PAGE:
There’s a growing pile of negative-yielding debt around the world amid extraordinary monetary policy initiatives. While maintaining respect for global money flows, we believe the combination of economic fundamentals, domestic monetary policy, and a widening federal budget deficit limit the prospects for sub-zero yields in the United States.

Fixed income investing has traditionally been regarded as a stable source of yield for suitable investors.

One party lends another party money, and the lender receives interest in return for the risk incurred by providing capital.

Given extraordinary global monetary policy initiatives, however, that basic premise of fixed income investing has been turned upside down. There’s a growing pile of bonds around the world offering negative yields, in which a lender now pays the borrower for the privilege of loaning the borrower money. 

Unfortunately, the global search for yield has now morphed into a scenario in which fixed income investors, or lenders, attempt to “potentially lose less” rather than “earn slightly more” than the value of the loan extended. Negative yields have also been a challenge for banks and savers, who both depend on rates for income. Wall Street has pointed to a flurry of theories why negative yields exist this late in the economic recovery—a global savings glut, aging populations, or a world bent on instant gratification (income today over income tomorrow). At any rate, negative-yielding debt is rapidly becoming the new normal.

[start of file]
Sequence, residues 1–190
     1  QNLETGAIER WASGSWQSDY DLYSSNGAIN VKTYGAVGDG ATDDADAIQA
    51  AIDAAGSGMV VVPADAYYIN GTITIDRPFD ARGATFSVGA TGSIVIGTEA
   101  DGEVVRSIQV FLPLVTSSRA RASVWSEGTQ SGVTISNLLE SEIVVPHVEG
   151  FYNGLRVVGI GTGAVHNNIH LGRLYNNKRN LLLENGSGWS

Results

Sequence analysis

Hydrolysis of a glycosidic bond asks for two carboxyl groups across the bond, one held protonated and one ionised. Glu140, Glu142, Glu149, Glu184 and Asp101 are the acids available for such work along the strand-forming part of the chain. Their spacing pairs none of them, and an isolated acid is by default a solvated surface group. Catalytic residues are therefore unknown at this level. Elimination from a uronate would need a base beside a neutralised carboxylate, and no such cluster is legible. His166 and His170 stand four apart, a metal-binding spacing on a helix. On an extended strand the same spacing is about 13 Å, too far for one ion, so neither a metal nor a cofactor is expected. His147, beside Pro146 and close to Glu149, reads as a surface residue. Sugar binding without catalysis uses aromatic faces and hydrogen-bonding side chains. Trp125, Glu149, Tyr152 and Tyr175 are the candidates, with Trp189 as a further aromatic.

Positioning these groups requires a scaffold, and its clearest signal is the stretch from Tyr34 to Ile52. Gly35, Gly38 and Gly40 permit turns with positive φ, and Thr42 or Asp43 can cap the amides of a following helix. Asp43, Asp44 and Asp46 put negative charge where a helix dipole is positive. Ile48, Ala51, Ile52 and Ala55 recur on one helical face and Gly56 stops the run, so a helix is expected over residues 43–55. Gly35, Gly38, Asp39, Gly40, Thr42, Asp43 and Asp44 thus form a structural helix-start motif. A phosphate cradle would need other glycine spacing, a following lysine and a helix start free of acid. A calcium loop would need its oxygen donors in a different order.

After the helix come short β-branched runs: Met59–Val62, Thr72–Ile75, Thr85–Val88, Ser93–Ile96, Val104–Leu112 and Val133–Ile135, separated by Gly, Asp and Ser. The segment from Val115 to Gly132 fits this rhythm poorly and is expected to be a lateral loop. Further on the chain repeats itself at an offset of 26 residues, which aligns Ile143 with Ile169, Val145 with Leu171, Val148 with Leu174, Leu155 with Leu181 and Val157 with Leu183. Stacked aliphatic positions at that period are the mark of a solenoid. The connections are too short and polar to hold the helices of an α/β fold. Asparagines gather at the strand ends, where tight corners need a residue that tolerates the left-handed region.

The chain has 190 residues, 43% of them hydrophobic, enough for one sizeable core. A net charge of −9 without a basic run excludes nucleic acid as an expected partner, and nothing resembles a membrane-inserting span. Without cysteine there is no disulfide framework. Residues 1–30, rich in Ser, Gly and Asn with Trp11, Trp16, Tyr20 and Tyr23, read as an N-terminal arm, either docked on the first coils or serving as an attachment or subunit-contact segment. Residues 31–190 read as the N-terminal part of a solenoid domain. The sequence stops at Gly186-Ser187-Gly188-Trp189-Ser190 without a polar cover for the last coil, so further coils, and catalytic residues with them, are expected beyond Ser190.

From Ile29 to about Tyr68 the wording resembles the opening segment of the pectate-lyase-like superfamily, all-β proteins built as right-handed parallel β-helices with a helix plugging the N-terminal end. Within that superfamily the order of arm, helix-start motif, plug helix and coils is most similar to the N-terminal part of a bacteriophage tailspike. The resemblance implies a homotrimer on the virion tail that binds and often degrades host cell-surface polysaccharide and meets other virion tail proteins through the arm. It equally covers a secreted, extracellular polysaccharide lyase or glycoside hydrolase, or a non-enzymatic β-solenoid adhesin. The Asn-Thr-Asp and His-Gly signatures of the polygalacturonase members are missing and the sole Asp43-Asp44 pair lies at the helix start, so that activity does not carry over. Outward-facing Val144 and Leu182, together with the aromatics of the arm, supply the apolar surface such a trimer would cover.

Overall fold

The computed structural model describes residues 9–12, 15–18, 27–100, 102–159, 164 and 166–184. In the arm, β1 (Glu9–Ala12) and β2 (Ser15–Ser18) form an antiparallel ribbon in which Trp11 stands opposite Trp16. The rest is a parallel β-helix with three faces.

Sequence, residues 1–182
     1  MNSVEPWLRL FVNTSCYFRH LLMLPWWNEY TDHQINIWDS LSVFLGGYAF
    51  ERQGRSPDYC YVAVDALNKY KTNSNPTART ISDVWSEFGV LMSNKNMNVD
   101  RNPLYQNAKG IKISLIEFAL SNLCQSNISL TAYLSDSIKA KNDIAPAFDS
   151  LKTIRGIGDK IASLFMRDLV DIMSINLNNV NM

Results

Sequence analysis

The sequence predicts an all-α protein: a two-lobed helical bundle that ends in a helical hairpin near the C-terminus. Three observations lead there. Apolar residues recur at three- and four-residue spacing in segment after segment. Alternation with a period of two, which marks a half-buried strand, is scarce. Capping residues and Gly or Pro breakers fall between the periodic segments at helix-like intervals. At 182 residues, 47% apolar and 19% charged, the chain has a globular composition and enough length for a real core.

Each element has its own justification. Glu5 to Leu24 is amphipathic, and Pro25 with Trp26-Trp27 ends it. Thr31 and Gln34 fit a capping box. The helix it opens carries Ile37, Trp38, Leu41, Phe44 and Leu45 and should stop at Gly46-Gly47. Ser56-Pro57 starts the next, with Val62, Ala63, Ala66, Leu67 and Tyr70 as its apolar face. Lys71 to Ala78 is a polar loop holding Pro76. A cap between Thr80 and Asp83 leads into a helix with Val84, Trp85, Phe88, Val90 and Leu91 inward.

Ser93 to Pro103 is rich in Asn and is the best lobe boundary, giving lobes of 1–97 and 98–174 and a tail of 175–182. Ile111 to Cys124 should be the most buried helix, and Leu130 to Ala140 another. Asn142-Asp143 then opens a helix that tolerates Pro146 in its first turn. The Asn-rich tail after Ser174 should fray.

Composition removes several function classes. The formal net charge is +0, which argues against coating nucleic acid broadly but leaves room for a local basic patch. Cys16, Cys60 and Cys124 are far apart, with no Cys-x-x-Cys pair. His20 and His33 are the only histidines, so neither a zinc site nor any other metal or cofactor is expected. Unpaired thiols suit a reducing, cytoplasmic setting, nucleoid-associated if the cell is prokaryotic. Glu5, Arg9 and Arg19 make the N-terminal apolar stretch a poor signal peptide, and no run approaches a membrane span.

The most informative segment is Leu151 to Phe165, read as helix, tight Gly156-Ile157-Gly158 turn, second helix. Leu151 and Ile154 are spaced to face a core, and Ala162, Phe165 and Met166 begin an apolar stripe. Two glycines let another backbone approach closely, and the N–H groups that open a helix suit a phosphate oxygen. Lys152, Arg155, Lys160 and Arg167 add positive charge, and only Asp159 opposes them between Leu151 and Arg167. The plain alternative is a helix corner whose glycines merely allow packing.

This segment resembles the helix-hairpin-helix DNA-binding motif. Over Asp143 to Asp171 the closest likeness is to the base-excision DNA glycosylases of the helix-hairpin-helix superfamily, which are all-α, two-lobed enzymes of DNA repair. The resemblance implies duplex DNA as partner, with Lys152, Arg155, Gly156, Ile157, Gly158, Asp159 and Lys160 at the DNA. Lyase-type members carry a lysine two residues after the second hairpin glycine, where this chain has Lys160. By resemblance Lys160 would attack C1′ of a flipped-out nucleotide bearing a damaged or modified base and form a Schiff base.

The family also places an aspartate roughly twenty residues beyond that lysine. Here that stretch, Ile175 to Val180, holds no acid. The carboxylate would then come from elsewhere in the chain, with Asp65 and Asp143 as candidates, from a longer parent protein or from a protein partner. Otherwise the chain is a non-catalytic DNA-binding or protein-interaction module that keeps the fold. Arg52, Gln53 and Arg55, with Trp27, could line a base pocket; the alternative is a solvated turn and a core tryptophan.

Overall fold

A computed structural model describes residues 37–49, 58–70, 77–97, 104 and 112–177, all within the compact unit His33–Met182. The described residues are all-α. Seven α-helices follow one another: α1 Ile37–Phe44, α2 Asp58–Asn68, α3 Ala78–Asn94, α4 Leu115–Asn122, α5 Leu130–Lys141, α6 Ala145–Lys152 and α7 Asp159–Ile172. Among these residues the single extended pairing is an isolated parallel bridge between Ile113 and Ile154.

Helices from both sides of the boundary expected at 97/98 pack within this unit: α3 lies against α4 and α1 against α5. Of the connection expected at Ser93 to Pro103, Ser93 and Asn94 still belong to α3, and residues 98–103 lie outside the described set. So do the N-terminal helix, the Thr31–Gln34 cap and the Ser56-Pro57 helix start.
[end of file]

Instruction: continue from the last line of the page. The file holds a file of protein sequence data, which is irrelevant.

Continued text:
The New Normal

Over the past several years, multiple central banks, including the Bank of Japan and the European Central Bank (ECB), have enacted negative policy rates in order to boost economic activity and stoke inflation. Recently, central banks have loosened policy even more as the U.S.-China trade dispute curbs global economic activity and weighs on currencies. On September 12, the ECB cut its deposit rate for the first time since 2012, pushing it further into negative territory.

The trend of negative yields, led by global trade concerns, has yet to spread to the United States, but it has already pushed U.S. Treasury yields near all-time lows. While domestic economic fundamentals support a 10-year yield much higher than these levels, ultra-low rates elsewhere have spurred a global rush into Treasuries.

Fortunately, there are several catalysts that could at least keep a floor under U.S. yields. Domestic economic data remains healthy, and there are signs that global economic output has firmed in recent weeks. The S&P 500 Index has found its way back to within 2% of all-time highs, reducing the thirst for safe-haven assets. The ballooning federal budget deficit also may require more Treasury issuance, which could in turn increase the possibility of higher yields.

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